Cavendish Street, Enmore
Admiration of manhole covers became a popular pastime in the 1990s. Mimi and Robert Melnick’s 1974 Manhole covers of Los Angeles has become a collectors item, but their 1994 book Manhole covers and Jacopo Pavesi and Roberta Pietrobelli’s 2001 book Street covers brought cast-iron style to the coffee table. The minor mania for manhole covers has culminated in book titles ranging from Designs underfoot: the art of manhole covers in New York City to Quilting with manhole covers: a treasure trove of unique designs from the streets of Japan.
In picture books the manhole covers are brushed up for the camera, but like Japanese artist Genpei, I prefer the look of them in their natural state, with cigarettes and Smarties and tsubo gardens of moss, grass or weeds nestling in their grooves.
Road resurfaced, Cleveland Street, Chippendale
My very favourites are the pretend manhole covers that mark the place of the real thing when a road is being resurfaced.
I also love the website Misplaced Manhole Covers.
Liberty Street, Enmore
Rows of triangular marks have just been planted on roads in the Inner West. I had to do a bit of research to find out that they are Dragon’s Teeth. To date no fully armed warriors have sprung from the asphalt.
The lexicon of official road signs continues to grow. The rollout of this latest addition apparently began in mid-2009, when the RTA’s press release was dutifully rendered as a news story in the Sydney Morning Herald. These triangular markings are meant to indicate to motorists that they are entering a 40 kmh school zone.
The indignant Mr Peter Olsen, on his School Zone Santa.Com blog, reckons that “the Government has completely lost the plot on school zones. Static markings, including the proposed new ‘dragon’s teeth’ achieve nothing because they do not distinguish between school zone hours and non-school zone hours”, whereas if the school zone instead has flashing lights during the relevant hours “drivers are instantly reminded and can slow down, but then of course the Government can no longer collect speeding fine revenue from them”.
Note to apostrophe pedants: Dragon’s Teeth is the official New South Wales Government term for these road marks (see Technical Direction TD 2009 SR02). There is only one dragon involved. It is a particular toothy dragon.
If they won’t let you Reclaim the Streets any more, then Reclaim the Lanes instead. It’s a bit sad really. The RTL party on 13 February was small but kind of fun anyway, even if everyone was funnelled into just one lane not far from the starting point. There were balloons, bikes, and budgie smugglers. When it became apparent that the procession had come to a halt people started sloping off to the bottlo in Enmore Road for supplies. The music from wheelie bin sound systems was great. And someone stuck up their photographs of the Reclaim the Streets events in Newtown from 1999 and 2000 to remind everyone what it used to be like.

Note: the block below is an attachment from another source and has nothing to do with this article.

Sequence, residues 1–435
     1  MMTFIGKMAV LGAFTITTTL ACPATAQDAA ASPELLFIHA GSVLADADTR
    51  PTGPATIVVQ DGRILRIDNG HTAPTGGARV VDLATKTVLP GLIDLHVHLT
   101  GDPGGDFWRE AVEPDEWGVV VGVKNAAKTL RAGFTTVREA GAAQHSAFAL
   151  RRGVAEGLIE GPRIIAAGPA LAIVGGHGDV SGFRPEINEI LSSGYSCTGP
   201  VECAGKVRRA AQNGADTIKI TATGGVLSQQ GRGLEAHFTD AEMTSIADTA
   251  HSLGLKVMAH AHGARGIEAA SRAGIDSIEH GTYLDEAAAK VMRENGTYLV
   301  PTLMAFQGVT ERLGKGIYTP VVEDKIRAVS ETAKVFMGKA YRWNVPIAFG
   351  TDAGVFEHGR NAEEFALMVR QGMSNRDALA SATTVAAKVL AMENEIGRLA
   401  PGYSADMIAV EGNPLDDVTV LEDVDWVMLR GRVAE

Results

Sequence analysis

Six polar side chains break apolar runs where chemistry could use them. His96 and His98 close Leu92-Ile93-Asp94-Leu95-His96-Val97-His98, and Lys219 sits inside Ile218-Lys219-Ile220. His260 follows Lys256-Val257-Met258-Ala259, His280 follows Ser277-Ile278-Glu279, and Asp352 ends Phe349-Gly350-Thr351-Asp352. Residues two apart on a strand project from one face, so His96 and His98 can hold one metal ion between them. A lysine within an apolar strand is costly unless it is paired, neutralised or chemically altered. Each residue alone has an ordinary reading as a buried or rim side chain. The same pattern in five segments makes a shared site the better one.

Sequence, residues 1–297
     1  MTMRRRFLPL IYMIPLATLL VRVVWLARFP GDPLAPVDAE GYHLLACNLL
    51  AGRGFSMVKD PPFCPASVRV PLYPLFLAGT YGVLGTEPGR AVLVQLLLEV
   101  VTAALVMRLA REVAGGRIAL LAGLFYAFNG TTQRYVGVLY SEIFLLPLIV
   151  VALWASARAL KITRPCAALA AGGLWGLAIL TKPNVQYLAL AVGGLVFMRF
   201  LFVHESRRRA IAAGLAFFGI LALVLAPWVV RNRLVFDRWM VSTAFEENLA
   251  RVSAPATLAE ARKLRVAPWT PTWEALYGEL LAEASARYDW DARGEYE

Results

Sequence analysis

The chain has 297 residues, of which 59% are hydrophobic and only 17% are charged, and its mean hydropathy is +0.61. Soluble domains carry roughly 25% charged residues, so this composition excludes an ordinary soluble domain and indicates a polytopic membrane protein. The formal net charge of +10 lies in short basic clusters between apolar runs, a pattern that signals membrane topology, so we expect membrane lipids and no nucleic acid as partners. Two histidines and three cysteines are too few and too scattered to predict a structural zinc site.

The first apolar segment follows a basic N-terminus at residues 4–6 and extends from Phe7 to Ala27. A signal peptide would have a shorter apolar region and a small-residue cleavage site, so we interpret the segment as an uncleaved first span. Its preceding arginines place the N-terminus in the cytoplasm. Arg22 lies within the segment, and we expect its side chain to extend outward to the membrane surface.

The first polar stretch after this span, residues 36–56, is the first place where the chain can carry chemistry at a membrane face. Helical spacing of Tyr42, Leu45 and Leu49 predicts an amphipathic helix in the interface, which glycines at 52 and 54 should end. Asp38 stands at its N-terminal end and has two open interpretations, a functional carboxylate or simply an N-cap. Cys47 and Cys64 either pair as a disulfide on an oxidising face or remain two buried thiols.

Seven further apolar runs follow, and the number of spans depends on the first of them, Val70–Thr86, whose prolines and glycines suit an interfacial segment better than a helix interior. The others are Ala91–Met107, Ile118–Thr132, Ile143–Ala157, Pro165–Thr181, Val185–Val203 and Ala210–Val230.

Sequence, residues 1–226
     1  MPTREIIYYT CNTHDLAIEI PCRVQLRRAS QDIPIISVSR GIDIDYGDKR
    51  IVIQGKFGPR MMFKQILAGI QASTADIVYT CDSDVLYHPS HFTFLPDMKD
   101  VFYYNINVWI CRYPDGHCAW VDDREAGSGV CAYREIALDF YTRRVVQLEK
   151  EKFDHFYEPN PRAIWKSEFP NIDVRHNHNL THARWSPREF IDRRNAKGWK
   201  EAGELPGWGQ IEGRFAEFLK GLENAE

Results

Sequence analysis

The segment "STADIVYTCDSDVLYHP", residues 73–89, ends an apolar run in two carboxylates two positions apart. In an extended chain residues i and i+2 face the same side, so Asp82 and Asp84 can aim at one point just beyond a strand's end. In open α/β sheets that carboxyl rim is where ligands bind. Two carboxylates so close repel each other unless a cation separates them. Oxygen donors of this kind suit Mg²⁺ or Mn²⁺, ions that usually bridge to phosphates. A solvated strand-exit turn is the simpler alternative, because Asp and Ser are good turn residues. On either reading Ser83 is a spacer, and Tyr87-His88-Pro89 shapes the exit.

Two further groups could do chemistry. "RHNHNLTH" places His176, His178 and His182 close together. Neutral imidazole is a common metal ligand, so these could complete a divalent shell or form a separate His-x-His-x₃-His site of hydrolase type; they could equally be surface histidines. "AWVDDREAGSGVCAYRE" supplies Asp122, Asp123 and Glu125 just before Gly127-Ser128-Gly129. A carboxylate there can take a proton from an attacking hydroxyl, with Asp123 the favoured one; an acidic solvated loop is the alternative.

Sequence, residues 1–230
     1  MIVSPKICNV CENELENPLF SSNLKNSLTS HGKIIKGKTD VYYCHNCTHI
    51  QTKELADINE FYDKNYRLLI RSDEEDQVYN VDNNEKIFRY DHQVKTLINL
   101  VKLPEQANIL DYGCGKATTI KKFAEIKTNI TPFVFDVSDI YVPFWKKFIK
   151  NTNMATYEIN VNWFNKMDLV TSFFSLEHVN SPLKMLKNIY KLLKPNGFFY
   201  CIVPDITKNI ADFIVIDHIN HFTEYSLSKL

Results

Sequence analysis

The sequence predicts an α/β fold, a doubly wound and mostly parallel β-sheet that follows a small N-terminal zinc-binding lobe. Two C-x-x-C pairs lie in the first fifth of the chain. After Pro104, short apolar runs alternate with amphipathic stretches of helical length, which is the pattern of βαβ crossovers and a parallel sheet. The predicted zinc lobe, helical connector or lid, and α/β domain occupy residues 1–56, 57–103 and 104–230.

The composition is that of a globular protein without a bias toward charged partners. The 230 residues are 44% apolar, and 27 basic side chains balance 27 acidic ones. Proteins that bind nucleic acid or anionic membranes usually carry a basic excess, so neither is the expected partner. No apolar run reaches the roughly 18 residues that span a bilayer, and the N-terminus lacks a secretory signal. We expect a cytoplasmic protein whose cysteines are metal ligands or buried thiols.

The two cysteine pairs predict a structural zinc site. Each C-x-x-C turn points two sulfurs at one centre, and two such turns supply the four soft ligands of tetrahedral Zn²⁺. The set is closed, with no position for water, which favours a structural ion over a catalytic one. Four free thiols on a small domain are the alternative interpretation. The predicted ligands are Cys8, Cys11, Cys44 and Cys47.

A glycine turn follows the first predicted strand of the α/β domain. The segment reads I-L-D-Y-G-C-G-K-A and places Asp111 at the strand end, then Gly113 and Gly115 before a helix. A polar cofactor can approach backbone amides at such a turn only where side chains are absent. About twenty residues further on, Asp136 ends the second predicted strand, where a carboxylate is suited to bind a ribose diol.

The back lanes of Enmore and Newtown are best known for their wall art, but there is stuff on the ground as well, mostly the signatures of artists who have done the wall pieces. I took photographs of RTL participants partying on the remnants of old pavement graffiti.
Today’s guest spotter is Richard Blair, a local history fossicker.
Recently uncovered by Marrickville Council during street plumbing activity under two Camphor Laurel trees on the eastern side of upper Metropolitan Road, Enmore, Sydney, are what appear to be sandstone cobblestones.
One expert opinion suggests these stones may have been part of a carriageway as they are in such a deliberate order. That would mean they may be linked with Enmore House which formerly stood on this site until demolition in the 1880s. However, one might expect a cobblestone carriageway to have been made from a stone more durable than sandstone, such as granite or bluestone.
Other views suggest the sandstone course may have been associated either with some early civil works project or may have been laid in conjunction with the arrangement of street tree planting.
These photos were taken in September 2009. The sandstone courses were still uncovered in November, but by December 2009 they had been (presumably) covered over with soil.
A thoughtful graffitist provided a decorative fence for this little garden of asthma weed near Piss Alley in Enmore. To see another tiny nurtured garden, check out Darlinghurst Nights.
Elsewhere in Enmore, pavement degeneration around a cast iron alignment pin has created a niche for a weedlet garden. Many thanks to PC for his enthusiastic explanation of alignment pins, which indicate where the surveyed kerb line is. For me, official pavement embellishments such as hydrants, manhole covers, and the various kinds of alignment posts, pins and stones, can be enjoyed for their aesthetic qualities or read like an archive of urban development.
A remnant of the playground or parking lot at what used to be Enmore Boys High School, now a fenced-off piece of waste ground. The scene of a massacre? No – probably somebody practising with ‘body outline’ shapes. But why? And why here?
The body outline is a crime fiction cliché. In real life police hardly ever draw around corpses but the image is used by everyone, from advertisers to political protestors, to signify some sort of violent death. There are more pavement bodies in an article I wrote for on-line journal Second Nature — ‘Outlines (Watch this space)’
Hicks, M. 2009. Outlines (Watch this space). Second Nature 1 (1):124 – 139.